Tahdooahnippah taking on tough fights

When George "Comanche Boy" Tahdooahnippah steps into the ring against junior middleweight Delvin Rodriguez at the Mohegan Sun Casino in Uncasville, Conn., on Friday (ESPN2/WatchESPN, 9 p.m. ET), he'll be a big underdog on by far the biggest stage of his professional boxing career. But it won't be the first, or even necessarily the most important, fight he has undertaken.

When he isn't lacing up the gloves, Tahdooahnippah spends much of his time working to address a rampant health epidemic that's even more pronounced among his people than the rest of American society.

According to the American Diabetes Association, American Indians and Alaska Natives are more than twice as likely to develop diabetes as non-Hispanic whites. The prevalence of the disease in those communities among youth age 15 to 19 increased by 68 percent from 1994 to 2004.

That's a tide that Tahdooahnippah, a fitness instructor for the Comanche Nation's diabetes program, hopes to stem.

"One hundred and fifty years ago, my people were wild. We lived off the laws of nature," he said. "We went from hunter-gatherers to being able to pull up to a store, buy our food and supersize it if we want it. It's very tough. Even for me as a fighter, I go through portion control, and I've had to train myself to eat right. It's hard. I can't do it all the time, but you just have to practice it."

Education, he points out, is the key, as is exercise.

"I do different programs to get our people to exercise, just to get them to do any kind of physical activity," he said. "We provide incentives -- anything we can do to get people moving."

If Tahdooahnippah can be a shining example, so much the better. It's something that he has striven to be since he was an All-American wrestler at age 15. Although he recognizes he doesn't have anything like the depth of experience in boxing that most 34-year-old televised main eventers might be expected to have, he argues that, to some extent, his lengthy wrestling career helped steel and prepare him for a sport he didn't take up until he was 23.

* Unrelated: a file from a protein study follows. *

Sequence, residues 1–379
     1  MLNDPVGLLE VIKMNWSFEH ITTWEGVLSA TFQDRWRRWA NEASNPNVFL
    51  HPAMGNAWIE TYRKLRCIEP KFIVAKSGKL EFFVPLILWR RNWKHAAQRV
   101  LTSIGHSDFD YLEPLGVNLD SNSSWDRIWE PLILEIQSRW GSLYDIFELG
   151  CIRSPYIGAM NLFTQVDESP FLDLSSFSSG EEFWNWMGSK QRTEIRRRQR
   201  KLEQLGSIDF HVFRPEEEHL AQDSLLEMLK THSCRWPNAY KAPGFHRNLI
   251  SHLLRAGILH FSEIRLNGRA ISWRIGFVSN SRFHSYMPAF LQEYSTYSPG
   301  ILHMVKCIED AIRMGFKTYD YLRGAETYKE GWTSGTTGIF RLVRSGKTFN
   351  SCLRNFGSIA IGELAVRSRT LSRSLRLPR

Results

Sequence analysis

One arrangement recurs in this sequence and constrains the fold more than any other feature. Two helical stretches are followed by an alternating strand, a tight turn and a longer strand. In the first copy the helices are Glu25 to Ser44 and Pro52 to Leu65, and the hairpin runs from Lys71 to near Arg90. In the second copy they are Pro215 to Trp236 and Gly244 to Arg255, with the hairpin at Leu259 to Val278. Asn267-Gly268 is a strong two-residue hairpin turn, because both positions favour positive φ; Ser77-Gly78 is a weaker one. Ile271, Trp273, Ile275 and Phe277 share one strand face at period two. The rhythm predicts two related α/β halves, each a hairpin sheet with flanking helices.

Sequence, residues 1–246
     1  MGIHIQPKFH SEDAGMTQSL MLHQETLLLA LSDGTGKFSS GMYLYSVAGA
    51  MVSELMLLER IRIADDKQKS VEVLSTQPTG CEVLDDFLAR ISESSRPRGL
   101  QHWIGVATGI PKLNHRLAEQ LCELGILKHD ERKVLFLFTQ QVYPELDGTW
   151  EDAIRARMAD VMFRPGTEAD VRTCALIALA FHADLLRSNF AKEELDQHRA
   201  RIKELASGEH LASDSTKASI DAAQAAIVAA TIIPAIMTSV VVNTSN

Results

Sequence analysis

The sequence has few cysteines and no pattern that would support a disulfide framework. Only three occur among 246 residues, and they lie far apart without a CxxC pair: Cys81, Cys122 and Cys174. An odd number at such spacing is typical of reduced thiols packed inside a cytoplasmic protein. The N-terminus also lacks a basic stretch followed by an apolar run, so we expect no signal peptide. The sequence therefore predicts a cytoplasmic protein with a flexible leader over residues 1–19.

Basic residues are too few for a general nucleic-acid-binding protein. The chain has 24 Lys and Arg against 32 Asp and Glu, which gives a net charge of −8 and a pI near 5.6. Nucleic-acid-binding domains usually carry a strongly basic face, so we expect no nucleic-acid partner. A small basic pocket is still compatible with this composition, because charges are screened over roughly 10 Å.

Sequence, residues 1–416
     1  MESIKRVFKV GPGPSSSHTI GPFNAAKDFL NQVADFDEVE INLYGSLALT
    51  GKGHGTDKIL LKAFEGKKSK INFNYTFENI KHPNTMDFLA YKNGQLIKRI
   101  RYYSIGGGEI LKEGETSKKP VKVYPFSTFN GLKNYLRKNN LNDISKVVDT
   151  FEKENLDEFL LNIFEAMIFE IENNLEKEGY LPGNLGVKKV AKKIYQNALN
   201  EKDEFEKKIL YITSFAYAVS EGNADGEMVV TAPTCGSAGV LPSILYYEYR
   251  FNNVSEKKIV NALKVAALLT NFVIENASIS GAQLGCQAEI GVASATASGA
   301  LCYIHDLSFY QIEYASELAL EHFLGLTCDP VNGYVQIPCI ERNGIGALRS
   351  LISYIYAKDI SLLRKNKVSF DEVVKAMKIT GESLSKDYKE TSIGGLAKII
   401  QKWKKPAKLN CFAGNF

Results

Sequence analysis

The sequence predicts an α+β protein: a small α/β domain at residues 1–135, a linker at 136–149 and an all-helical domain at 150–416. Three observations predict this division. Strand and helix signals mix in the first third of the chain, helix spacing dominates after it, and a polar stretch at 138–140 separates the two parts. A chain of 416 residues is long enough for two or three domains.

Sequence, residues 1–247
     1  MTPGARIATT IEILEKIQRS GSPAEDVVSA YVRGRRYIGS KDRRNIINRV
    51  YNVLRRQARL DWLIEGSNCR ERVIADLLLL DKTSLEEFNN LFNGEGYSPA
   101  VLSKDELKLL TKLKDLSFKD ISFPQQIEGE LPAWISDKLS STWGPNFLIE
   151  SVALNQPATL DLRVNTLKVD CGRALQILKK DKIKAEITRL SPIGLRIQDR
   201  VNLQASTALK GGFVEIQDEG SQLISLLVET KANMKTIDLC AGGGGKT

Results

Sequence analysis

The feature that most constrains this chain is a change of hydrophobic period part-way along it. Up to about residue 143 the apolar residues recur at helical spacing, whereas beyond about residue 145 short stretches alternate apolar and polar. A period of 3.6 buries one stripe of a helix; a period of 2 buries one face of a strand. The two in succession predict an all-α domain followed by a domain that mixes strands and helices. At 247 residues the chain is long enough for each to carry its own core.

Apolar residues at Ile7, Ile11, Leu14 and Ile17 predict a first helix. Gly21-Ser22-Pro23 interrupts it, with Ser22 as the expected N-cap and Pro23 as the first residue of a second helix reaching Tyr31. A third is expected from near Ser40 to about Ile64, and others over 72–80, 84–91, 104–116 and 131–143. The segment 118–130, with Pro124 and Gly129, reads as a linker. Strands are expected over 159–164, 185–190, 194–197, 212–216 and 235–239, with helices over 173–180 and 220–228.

"I went to international tournaments; I've been to Japan," he said. "Having that competition -- the nerves, being one-on-one, having to make weight, having to perform in the spotlight -- I have all that from wrestling. Not only the experience from that but also the strength and the balance. I've brought all of that to boxing."

But, he points out, that was wrestling, and that was then.

"It's boxing now."

Which is all that will matter when the bell rings Friday. Whereas Rodriguez is no stranger to "Friday Night Fights" or the big stage, Tahdooahnippah is a virtual unknown who has fought 31 times in his native Oklahoma and just once as far afield as Texas. That aspect of his biography earned something of a derisive snort from ESPN's Teddy Atlas last week, but it's something about which Comanche Boy is unapologetic.

Being an Oklahoma-based fighter with no amateur experience and few contacts meant his options were limited, he argues. Besides, "Oklahoma has a lot of Indian casinos, and I'm an Indian fighter. So I had a lot of opportunities to fight and make good money. I've got a family to support. You're putting your head on the line, so you may as well try to make some money from it at the same time."

We'll find out soon enough whether that will count against him when he takes a huge step up in class -- in another casino, but one far from home -- against Rodriguez. In any case, Tahdooahnippah is exultant in advance of the battle, perhaps befitting of his heritage.

"The world's going to see a real-live Comanche Indian that's coming to full effect, just like in the 1800s," he said. "I'm coming to win, and I'm coming to represent all my Native American people. We're here to compete, and we're here to win."